The Calaveras Enterprise. “A sense of cautious optimism rippled through Calaveras County a few weeks back when the county assessor reported an increase in property values. According to the assessor’s roll, property values increased just over 6 percent. Not everybody is quite as confident in the housing market. ‘I don’t think I’m quite as optimistic as far as the assessor’s report and as far as the properties that are selling,’ said Charlene Winkler, the owner of Western Realty in San Andreas. ‘I’m not seeing that big increase like they’re saying. … We’re not seeing as many sales. We’re not seeing multiple offers. We’re actually seeing, on the amount of properties that are coming on and the amount getting reduced, there are more getting reduced than properties coming on.’”

“Another rumor that’s making the rounds in real estate circles is the number of bank-owned properties obtained in foreclosure proceedings that have yet to make it to market. In the Valley Springs area, some homes are still sitting vacant, which implies that ‘they haven’t been released yet,’ according to Linda Frater, a Realtor at Country Oaks Realty in Valley Springs. ‘I think the banks are holding them so they can get a higher price for (their properties),’ she said. ‘If they flood the market, it’s going to change the price right now (by lowering values).’”

The Sacramento Bee. “Born during the housing bubble, this San Joaquin County bedroom town was America’s most ‘underwater’ community six years ago. Mountain House had another unhappy distinction: It was one of the biggest black holes in CalPERS’ investment portfolio. At the depths of the housing-market slump, Mountain House represented a $1.06 billion loss for the California Public Employees’ Retirement System. CalPERS held onto its Mountain House investment. The pension fund’s investment is still deep in the red, with an estimated negative value of around $870 million, but CalPERS officials say they believe Mountain House will eventually turn into a winner.”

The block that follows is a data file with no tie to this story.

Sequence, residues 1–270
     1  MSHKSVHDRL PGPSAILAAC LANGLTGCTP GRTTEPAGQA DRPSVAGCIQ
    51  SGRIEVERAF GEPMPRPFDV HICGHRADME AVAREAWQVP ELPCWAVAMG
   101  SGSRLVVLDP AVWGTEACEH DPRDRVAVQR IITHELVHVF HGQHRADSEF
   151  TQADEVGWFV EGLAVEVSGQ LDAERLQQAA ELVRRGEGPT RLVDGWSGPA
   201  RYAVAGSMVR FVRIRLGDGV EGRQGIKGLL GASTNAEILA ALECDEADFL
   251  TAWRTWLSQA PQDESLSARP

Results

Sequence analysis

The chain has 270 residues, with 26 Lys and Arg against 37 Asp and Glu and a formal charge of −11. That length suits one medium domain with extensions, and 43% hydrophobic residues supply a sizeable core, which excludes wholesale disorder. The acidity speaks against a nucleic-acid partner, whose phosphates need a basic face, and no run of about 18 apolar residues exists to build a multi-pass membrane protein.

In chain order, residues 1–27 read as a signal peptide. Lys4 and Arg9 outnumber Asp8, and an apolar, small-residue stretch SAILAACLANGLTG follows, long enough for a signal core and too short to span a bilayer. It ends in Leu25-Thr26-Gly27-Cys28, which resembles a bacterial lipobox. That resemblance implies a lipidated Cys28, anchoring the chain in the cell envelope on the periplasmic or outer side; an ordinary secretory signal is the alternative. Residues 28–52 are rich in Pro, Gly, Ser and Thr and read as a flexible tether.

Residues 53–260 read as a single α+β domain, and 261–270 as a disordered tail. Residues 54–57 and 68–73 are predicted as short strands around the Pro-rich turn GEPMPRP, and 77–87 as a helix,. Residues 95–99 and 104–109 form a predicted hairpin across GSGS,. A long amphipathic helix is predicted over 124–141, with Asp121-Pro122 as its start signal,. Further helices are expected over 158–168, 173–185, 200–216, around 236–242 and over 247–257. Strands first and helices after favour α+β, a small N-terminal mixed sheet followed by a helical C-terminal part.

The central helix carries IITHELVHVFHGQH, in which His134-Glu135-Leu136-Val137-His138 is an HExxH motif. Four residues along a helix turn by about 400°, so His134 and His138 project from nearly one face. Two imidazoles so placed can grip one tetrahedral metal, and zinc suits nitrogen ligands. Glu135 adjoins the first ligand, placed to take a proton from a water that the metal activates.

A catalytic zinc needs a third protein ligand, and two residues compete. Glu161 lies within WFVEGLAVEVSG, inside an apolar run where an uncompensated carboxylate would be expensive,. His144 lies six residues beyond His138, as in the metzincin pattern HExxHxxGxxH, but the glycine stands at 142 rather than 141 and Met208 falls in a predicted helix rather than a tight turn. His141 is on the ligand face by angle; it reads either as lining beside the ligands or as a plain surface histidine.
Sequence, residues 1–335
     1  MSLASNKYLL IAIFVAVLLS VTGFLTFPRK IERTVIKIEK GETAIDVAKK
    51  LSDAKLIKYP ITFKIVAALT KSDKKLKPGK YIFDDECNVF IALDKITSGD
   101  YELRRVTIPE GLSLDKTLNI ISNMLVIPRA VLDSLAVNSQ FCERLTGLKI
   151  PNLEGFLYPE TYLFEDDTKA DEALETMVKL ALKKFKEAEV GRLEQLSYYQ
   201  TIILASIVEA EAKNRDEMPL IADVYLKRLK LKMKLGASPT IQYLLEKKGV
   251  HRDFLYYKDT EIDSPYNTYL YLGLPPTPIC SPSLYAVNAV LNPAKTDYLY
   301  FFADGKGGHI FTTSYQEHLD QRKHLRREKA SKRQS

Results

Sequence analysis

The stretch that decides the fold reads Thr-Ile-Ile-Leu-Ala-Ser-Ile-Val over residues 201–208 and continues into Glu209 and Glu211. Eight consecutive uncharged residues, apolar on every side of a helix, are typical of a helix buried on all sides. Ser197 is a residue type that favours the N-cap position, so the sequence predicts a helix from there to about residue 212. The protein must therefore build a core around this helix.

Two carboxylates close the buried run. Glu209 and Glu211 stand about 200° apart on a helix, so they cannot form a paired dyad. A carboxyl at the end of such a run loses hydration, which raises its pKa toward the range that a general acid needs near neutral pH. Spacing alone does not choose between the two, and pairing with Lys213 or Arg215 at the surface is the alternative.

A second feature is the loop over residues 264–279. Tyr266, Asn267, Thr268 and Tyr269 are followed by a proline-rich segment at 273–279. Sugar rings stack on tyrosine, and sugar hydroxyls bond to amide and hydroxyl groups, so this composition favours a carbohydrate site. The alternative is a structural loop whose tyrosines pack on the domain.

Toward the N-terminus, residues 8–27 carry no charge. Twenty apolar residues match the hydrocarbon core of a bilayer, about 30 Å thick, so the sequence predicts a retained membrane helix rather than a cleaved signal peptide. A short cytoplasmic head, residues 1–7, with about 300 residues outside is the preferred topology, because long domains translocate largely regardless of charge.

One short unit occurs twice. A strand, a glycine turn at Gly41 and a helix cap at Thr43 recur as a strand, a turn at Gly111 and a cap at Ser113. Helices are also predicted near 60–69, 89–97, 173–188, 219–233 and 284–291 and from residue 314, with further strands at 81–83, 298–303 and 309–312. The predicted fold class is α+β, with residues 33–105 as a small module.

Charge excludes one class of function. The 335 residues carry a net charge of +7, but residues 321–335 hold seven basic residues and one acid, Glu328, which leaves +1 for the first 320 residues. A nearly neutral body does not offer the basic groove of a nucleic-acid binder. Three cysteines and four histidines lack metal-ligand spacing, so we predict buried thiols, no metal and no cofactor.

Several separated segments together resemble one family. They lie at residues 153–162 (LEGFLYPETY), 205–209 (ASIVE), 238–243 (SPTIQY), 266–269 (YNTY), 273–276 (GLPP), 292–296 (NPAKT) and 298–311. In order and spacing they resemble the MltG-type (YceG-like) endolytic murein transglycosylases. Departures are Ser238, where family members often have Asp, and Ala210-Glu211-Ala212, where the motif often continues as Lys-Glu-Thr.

“The community remains a work in progress. It has 4,200 rooftops now, and CalPERS owns enough land to build 8,000 more. Housing starts have come back but are still a fraction of what they were during the boom. For every well-tended neighborhood, there’s an empty field of weeds. Even the high school is unfinished. DataQuick said median prices hit $476,500 in May, up from a low of $285,000 in late 2011. Clearly some mortgages in Mountain House remain underwater.”

“Matt Balzarini holds one of those mortgages. A San Francisco firefighter, Balzarini moved his family from Fremont when Mountain House opened a decade ago and paid $500,000 for a home. The property’s value sank to around $200,000 and now is worth something north of $400,000. Balzarini said he has no regrets about staying the course, saying the hometown feel of Mountain House is well worth the one-hour commute and the roller-coaster ride in real estate values.”

“‘I was sold on the dream,’ he said. ‘I want to see everything come to fruition.’”

Bits Bucket for July 16, 2014